In the second decade of the 21st Century, Rubinstein’s way is closer to what’s being taught in conservatories.  But the Regurgitation route is, in the final analysis, a dead end.  Between the lack of new music that audiences want to hear, and performers who are sounding increasingly alike, it’s no wonder that even the most talented musicians have a hard time sustaining a viable career.  Nor is it a surprise that supposedly “sophisticated” audiences are drawn to the circus act antics of Lang Lang – not because he’s praiseworthy, but because he’s “different.”  The same old, same old, gets old awfully fast.

There was a time, from the early 1980s until about ten years ago, when I listened to Rubinstein incessantly.  That’s not the case anymore.  Beautiful tone only gets one so far – just like a pretty face.

So, to me, it was Horowitz who was both the greater pianist (in his prime), and the better musician – because he played from within the music looking out – not the other way around.   Rubinstein was, occasionally a Re-Creator.  But most often he was a Regurgitator – although a supremely charismatic one.

1 comment:

Alexander Arsov said...

Wonderful essay, Hank! Entertaining and thought-provoking.

I have not read Rubinstein's autobiography, but if Harold Schonberg is quoting accurately, the "better technician, better musician" nonsense seem to have originated with Rubinstein himself. Not one of his best contributions.

I have had a similar disillusionment with Rubinstein. The old 11 CD Chopin set from RCA Gold Seal was one of my first forays into classical music. For some time it was the "definitive" Chopin. It has gradually become less and less so since. First Lipatti stole the waltzes, then Horowitz the Second Sonata, the Barcarolle and the Polonaise-Fantaisie, then Jorge Bolet the ballades and the F minor Fantaisie, then Vesselin Stanev the Third Scherzo, and so on.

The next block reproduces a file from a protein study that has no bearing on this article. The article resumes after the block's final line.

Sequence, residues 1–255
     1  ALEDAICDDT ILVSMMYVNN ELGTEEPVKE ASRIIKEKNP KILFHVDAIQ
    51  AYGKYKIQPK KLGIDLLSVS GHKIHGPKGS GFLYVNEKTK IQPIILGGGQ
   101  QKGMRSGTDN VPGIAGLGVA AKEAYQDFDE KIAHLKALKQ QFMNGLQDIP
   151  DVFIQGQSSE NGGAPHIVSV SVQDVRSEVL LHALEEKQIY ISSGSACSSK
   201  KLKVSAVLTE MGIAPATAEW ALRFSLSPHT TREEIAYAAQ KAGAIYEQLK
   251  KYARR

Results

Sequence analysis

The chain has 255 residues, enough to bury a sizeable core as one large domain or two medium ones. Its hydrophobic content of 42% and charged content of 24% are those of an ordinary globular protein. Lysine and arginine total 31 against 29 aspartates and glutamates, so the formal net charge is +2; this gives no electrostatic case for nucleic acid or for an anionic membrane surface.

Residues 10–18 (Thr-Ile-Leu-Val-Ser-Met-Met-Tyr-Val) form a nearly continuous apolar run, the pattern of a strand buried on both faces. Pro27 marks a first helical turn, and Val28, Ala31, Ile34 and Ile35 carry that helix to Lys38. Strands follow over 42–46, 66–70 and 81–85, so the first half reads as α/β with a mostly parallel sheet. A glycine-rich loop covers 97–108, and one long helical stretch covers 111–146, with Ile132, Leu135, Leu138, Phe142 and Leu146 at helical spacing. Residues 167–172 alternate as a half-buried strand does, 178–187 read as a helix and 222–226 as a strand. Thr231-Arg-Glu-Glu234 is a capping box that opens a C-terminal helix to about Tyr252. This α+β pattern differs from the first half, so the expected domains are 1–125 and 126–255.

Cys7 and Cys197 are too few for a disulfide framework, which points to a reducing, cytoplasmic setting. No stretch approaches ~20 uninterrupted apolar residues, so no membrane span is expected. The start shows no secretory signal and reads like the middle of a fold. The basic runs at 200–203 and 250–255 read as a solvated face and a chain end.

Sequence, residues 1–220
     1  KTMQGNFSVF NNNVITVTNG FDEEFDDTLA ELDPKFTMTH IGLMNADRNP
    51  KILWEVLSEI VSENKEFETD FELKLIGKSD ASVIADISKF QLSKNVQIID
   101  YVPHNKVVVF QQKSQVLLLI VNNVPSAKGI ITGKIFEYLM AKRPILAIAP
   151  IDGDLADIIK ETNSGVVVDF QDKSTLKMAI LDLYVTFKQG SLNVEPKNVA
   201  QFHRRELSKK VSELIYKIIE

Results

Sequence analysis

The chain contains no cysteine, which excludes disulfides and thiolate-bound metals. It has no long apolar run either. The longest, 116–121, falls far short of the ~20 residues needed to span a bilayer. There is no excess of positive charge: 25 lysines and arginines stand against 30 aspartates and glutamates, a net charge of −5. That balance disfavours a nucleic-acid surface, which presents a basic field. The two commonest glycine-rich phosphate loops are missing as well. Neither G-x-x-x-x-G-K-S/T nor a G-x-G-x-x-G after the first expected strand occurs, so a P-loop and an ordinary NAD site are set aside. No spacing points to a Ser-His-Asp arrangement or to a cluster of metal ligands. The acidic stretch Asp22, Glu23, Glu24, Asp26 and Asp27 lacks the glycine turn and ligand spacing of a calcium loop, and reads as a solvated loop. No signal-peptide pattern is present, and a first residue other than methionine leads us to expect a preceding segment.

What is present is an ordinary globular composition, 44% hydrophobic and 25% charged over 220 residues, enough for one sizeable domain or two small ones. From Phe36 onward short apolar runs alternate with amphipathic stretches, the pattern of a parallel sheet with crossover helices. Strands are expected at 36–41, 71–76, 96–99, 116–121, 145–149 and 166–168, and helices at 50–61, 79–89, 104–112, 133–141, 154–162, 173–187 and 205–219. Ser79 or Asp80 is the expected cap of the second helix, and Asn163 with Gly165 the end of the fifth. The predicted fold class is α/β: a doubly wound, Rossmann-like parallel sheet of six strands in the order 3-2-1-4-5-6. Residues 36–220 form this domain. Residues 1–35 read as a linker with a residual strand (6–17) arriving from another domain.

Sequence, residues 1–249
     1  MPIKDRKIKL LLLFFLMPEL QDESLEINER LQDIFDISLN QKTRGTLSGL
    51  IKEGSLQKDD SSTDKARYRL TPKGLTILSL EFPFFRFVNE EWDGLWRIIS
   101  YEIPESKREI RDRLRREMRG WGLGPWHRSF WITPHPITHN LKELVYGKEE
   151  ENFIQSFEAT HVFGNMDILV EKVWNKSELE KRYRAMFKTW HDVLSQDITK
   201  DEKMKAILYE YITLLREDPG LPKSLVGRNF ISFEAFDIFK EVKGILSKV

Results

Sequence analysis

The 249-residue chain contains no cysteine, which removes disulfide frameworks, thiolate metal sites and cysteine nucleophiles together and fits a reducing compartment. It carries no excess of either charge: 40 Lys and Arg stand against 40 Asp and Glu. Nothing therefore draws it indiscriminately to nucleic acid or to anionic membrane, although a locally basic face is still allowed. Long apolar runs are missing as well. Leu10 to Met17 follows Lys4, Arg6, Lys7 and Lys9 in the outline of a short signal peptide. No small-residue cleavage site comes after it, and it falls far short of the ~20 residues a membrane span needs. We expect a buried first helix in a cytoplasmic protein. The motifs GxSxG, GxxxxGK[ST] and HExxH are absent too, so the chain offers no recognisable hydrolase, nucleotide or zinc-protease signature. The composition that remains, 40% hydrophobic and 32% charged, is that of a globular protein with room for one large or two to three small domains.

I think now there are only two Chopin works in which I prefer Rubinstein to all others, the Second Scherzo and the Andante spianato & Grande Polonaise brillante (the late 40s mono recording, not the stereo remake). I wouldn't want to be without Horowitz or Bolet in these pieces, however.

I have been browsing YT these days in order to acquaint myself with some great, but hitherto largely unknown to me, names from the beginning of the last century, notably Ignaz Friedman and Joseph Lhevinne. The freedom these guys play with is downright unbelievable. It's easy to dismiss them as "too fast" or "too mannered" or other words to that effect. But I find them refreshing and really quite compelling. I think they are sometimes dismissed either from pure historical ignorance or from the pernicious passion for comparisons with modern pianists.

The latter reason, incidentally, is why, I think, Horowitz is often dismissed as inferior musician - because he played everything differently than anybody else. People are anxious to compare and it never occurs to them that a piece can be played in several different ways without being ruined in the process. To be sure, the Golden Age masters, Horowitz included, occasionally took too great liberties or risks that didn't really come off. But these are exceptions, not the rule. I wish people would concentrate on the music rather than on comparisons. They might just find that the present-day sameness and slowness are not not only way.

Anyway, thank you for you essay. It was a pleasure to read.